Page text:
They also demonstrated the system’s robustness – measuring the extent to which classifiers consistently categorise athletes with similar impairments. The system was proved to be reliable and credible.

The outcomes of this research were used to create and underpin the classification system approved by the International Paralympic Committee in 2017.

It was successfully implemented at the 2020 Tokyo Paralympic Games – introducing Para Va’a. At the 2024 Paris Games, the number of Para canoe disciplines will rise to 10.

How is the classification system implemented?

Para canoeists complete a physical test, technical test and in-competition observation managed by ICF trained classifiers including a doctor or physiotherapist and a technical classifier, usually a coach.

They are then allocated to one of three classifications:

  • KL1-VL1 – athletes propel the boat with their arms only, having no or limited trunk function and no leg function
  • KL2-VL2 – athletes propel the boat with their arms and trunk, having partial trunk and leg function
  • KL3-VL3 – athletes have full function of their arms and trunk, and partial leg function

Benefits of the system

“Canoe clubs across the country are now introducing athletes to both the kayak and Va’a. This has opened the sport up to a different range of disabilities.” Emma Wiggs MBE, Paralympic canoeist and gold medal winner

The classification system and use of two types of boat has made the sport more accessible and increasingly popular.

As a result, UK Sport has enhanced its funding to Para canoeing. The investment has paid dividends. ParalympicsGB’s canoeists were triumphant at Tokyo 2020 – achieving three gold, one silver and three bronze medals.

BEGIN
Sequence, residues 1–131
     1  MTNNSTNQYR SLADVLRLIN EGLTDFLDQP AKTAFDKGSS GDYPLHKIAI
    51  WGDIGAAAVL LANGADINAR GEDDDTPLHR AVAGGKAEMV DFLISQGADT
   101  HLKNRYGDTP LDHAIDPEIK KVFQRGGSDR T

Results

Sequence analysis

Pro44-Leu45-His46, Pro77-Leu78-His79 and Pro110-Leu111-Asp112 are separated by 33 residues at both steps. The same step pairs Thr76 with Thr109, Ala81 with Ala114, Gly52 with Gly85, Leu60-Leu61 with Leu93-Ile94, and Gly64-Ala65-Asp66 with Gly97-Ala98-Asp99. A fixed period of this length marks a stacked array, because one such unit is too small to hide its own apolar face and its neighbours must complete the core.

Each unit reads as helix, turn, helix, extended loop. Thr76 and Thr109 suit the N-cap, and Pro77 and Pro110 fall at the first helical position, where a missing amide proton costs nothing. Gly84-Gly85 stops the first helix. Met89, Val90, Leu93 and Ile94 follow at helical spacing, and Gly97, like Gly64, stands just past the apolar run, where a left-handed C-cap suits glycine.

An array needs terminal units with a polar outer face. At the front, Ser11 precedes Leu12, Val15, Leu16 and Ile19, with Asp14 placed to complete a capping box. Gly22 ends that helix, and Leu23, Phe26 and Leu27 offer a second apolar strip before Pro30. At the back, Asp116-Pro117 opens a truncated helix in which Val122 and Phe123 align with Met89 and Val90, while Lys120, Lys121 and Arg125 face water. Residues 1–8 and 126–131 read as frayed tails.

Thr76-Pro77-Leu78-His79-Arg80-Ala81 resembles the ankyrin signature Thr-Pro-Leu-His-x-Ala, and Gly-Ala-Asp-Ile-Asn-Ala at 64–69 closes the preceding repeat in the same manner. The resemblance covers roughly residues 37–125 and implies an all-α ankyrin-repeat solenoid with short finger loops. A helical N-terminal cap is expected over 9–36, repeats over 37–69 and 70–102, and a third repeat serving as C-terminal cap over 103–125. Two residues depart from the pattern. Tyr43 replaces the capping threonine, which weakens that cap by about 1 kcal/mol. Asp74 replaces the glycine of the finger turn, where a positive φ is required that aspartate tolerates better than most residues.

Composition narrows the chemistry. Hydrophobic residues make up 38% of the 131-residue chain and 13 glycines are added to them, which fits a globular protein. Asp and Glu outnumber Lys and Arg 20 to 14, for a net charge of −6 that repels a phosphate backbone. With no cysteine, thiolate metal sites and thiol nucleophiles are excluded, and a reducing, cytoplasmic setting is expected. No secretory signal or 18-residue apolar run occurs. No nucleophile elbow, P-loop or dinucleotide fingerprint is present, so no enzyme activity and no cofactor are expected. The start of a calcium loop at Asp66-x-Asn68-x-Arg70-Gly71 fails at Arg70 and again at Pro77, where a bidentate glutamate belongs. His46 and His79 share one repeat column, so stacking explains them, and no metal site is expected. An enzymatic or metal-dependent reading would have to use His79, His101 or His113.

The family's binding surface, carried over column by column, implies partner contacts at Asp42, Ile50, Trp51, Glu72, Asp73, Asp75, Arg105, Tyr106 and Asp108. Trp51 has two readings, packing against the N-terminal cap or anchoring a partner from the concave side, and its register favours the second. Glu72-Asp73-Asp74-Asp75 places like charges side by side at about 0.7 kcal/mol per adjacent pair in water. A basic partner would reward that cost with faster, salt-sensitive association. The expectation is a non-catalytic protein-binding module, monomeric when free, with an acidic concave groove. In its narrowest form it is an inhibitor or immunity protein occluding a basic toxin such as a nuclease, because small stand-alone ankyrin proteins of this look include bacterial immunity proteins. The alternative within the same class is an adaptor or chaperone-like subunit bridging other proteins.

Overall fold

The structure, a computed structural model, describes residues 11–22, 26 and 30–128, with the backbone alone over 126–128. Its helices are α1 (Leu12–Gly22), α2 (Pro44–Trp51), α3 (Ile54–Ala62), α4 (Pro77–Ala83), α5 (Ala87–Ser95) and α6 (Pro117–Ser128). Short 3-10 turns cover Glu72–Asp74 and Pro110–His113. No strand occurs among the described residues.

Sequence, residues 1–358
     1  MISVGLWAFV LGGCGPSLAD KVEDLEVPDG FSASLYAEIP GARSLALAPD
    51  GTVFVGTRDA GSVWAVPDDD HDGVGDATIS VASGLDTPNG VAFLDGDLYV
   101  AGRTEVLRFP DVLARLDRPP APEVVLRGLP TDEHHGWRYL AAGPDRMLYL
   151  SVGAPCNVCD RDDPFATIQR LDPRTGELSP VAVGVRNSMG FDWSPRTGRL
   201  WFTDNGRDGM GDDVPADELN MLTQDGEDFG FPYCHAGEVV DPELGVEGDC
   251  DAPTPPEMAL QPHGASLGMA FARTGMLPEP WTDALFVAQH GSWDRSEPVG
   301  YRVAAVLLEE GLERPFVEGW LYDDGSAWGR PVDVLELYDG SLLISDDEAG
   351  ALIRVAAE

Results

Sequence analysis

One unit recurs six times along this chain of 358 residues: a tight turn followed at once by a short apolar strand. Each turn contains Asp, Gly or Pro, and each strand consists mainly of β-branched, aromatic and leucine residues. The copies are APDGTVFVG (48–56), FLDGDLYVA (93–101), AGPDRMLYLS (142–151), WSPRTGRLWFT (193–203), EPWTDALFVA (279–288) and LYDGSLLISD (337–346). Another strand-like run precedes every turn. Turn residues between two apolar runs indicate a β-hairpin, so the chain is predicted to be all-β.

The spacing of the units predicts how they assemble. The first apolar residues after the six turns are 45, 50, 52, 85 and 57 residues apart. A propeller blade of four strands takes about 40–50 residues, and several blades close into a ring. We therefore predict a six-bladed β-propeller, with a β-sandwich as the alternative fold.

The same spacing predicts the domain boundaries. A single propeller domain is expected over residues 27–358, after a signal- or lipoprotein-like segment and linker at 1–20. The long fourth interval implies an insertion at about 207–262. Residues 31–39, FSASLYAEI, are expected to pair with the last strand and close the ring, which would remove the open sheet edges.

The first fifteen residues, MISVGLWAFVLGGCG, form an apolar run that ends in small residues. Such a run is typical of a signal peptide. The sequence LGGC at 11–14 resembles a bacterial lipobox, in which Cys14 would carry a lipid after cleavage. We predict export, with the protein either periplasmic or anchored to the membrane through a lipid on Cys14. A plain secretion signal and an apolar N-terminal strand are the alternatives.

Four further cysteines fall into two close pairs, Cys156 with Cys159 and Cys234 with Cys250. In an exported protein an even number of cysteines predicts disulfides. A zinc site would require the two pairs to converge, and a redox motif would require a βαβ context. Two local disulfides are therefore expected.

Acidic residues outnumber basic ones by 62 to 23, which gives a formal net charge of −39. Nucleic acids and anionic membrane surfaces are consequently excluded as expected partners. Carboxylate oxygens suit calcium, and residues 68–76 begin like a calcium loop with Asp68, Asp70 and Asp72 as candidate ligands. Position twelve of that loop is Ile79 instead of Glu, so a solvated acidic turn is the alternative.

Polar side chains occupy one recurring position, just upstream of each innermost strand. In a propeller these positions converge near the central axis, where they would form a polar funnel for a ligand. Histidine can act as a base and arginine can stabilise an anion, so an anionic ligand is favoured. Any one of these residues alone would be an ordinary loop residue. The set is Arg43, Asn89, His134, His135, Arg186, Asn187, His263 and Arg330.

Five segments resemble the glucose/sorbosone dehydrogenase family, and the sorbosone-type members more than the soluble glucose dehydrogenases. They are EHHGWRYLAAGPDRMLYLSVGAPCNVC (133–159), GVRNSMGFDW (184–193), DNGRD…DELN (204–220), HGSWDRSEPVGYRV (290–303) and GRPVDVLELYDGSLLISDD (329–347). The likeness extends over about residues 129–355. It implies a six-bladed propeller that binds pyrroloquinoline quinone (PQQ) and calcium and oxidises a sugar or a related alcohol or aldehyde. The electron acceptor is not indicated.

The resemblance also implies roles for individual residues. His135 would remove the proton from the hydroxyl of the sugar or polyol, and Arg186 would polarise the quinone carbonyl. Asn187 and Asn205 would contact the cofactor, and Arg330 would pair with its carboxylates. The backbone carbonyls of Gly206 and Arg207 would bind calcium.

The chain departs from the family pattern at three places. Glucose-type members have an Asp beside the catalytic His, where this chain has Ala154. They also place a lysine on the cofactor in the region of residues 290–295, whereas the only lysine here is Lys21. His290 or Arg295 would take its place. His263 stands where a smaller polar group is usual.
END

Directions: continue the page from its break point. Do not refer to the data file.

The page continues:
Their success has raised the profile of the sport. Its popularity among participants and spectators from grassroots to elite is growing rapidly.

How does your organisation exemplify PHF’s values?

Students who study at Loughborough University (School of Sport, Exercise and Health Sciences) benefit from the fantastic Peter Harrison Laboratory. This is a bespoke laboratory that specialises in Para sport and is equipped with an oversized treadmill for wheelchair exercise testing and many other technical equipment – this environment has helped Loughborough become the number 1 ranked university in the world for sport-related subjects (QS World University Rankings – 2017-2023).  In our undergraduate and postgraduate degrees, students learn directly from the PHC’s academic staff who are advancing knowledge across the continuum of sport, exercise and rehabilitation.  We compliment teaching excellence with hands-on learning opportunities through partnerships that have included British Wheelchair Basketball, Great Britain Wheelchair Rugby, Lawn Tennis Association, British Paratriathlon and our local Loughborough Lightning (wheelchair basketball) team. At PhD level we have increased the possibilities for students to have local, national and global learning experiences to prepare them to excel in tomorrow’s Para sport and health and well-being disability professions. Many leaders in the Para Sports system have come from studying within this environment.

Find out more about the Peter Harrison Centre for Disability Sport